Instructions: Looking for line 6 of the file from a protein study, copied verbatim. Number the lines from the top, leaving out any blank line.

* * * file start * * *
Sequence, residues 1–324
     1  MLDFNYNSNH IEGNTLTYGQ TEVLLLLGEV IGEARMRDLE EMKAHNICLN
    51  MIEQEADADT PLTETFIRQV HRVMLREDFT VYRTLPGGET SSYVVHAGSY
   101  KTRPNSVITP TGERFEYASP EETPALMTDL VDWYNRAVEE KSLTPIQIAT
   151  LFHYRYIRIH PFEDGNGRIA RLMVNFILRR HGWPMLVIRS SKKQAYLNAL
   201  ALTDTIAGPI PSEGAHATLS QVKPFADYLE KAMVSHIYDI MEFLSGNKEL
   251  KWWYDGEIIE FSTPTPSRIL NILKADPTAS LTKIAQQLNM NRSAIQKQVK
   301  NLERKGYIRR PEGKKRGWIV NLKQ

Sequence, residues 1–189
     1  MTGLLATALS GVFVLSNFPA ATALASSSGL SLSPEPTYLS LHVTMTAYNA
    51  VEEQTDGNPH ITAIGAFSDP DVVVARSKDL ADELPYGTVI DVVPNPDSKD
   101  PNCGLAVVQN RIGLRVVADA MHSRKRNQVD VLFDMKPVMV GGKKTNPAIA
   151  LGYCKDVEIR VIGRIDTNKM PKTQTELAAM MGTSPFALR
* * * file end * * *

   201  ALTDTIAGPI PSEGAHATLS QVKPFADYLE KAMVSHIYDI MEFLSGNKEL